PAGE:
An appeal for government financial support from China’s biggest private shipbuilder presents authorities with some stark choices between protecting a big employer and its jobs or letting the firm go under to ease pressure on a sector suffering from overcapacity and sharply falling new orders.
Since Beijing appears intent on telling investors it is serious about changing the investment-led growth model of the world’s second-biggest economy and controlling a credit splurge, it may seem like the writing is on the wall for China Rongsheng Heavy Industries Group (1101.HK).
Yet analysts say the government is more likely than not to judge that Rongsheng, which employs around 20,000 workers and has received state patronage, is too big and well connected to fail.
Supporting Rongsheng will not mean China’s economic reform plans are derailed, they say. Instead, it will mean reforms will be gradual and the government will cherry-pick firms it wants to support, which will exclude the small, private shipbuilders that have been folding in waves.
“Rongsheng is a flagship in the industry,” said Lawrence Li, an analyst with UOB Kay Hian in Shanghai. “The government will definitely provide assistance if companies like this are in trouble.”
Analysts say Rongsheng is possibly the largest casualty of a sector that has grown over the past decade into the world’s biggest shipbuilding industry by construction capacity. Amid a global shipping downturn, new orders for Chinese builders fell by half last year. In Rongsheng’s case, it won orders worth $55.6 million last year, compared with a target of $1.8 billion.
Rongsheng appealed for government aid on Friday, saying it was cutting its workforce and delaying payments to suppliers to deal with tightened cash flow.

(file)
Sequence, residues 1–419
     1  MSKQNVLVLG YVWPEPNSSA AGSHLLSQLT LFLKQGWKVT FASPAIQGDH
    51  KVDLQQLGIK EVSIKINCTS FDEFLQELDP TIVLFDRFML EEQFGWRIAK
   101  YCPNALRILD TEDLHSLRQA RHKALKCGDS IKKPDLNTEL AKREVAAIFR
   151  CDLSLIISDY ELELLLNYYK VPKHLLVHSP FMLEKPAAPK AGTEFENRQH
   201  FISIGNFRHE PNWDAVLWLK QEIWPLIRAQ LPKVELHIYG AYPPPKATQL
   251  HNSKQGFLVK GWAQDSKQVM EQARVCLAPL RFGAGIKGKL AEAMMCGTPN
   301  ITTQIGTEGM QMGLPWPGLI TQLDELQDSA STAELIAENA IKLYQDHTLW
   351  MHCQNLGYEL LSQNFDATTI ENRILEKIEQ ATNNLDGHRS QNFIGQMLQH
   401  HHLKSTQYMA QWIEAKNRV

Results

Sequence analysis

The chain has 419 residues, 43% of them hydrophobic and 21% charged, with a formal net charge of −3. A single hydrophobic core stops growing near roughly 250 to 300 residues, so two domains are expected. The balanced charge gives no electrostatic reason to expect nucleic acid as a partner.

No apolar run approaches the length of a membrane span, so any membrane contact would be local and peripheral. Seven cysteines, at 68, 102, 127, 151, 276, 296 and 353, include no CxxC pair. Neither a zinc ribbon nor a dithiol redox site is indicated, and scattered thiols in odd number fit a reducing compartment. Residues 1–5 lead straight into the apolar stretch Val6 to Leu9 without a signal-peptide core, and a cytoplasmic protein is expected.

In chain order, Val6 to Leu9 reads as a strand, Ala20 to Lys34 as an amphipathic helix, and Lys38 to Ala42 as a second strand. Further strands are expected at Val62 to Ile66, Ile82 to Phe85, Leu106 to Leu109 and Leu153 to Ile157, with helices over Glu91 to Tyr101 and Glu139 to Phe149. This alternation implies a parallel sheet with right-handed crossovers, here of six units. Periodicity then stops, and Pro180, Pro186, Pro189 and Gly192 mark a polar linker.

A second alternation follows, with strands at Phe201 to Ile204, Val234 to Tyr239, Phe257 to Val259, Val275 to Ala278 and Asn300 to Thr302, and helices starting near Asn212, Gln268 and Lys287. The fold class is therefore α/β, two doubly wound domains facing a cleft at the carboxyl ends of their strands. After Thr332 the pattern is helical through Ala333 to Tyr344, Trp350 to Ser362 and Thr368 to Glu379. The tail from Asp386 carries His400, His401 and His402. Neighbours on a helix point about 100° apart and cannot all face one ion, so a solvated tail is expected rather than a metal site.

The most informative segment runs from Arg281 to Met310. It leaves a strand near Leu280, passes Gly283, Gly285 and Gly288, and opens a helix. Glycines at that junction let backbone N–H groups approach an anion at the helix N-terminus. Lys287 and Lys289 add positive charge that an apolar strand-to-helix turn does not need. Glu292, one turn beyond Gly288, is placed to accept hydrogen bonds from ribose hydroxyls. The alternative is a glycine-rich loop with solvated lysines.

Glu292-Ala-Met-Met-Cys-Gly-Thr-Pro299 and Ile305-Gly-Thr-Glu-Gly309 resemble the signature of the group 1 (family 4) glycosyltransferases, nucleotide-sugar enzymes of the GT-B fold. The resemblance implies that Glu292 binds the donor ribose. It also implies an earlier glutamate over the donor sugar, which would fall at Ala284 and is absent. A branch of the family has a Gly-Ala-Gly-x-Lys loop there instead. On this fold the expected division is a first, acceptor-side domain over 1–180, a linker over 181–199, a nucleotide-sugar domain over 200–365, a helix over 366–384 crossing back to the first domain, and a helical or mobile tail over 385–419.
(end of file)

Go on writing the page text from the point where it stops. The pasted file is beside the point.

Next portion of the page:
It also called on its shareholders for financial help and said it was in talks with banks and other financial institutions to renew existing credit lines. Its 2012 annual report shows its short-term borrowings were about eight times bigger than its cash and cash equivalents.
It flagged losses for the first half of 2013, having posted an annual net loss in 2012 of 572.6 million yuan ($93.47 million), its worst on record.
Annual reports show that Rongsheng has received state subsidies since 2010, when it listed in Hong Kong.
In the prospectus for its initial public offer, Rongsheng said it received 520 million yuan of subsidies from the Rugao city government in the southern province of Jiangsu, where the company is based.
The state funds paid for research and development of new types of vessels, and were based in part on the “essential role we play in the local economy”, Rongsheng said.
“We cannot assure you that we will be able to receive similar government subsidies in the future,” it said. “If we do not receive such subsidies, our profit and profit margin may be substantially less than if we were to receive such subsidies.”
The company said it got state funds of 830 million yuan in 2010, 1.25 billion yuan in 2011, and 1.3 billion yuan in 2012.
As China’s economy grinds towards its slackest growth in at least 14 years, more firms like Rongsheng are foundering.
Suntech Power Holdings (STP.N), a solar panel maker also based in Jiangsu, is waiting to be bailed out by the government after it was crushed by falling demand and a supply glut, a source with knowledge of the matter said in March. The government wants to find a way to rescue Suntech to avoid an embarrassing collapse that damages its reputation, the source said.
China’s shipbuilding woes are partly of its own making. A global downturn in demand has hammered the sector since 2008, but a national obsession for global dominance in some industries led China to declare in the early 2000s that it wanted to be the world’s top shipbuilding nation by 2015.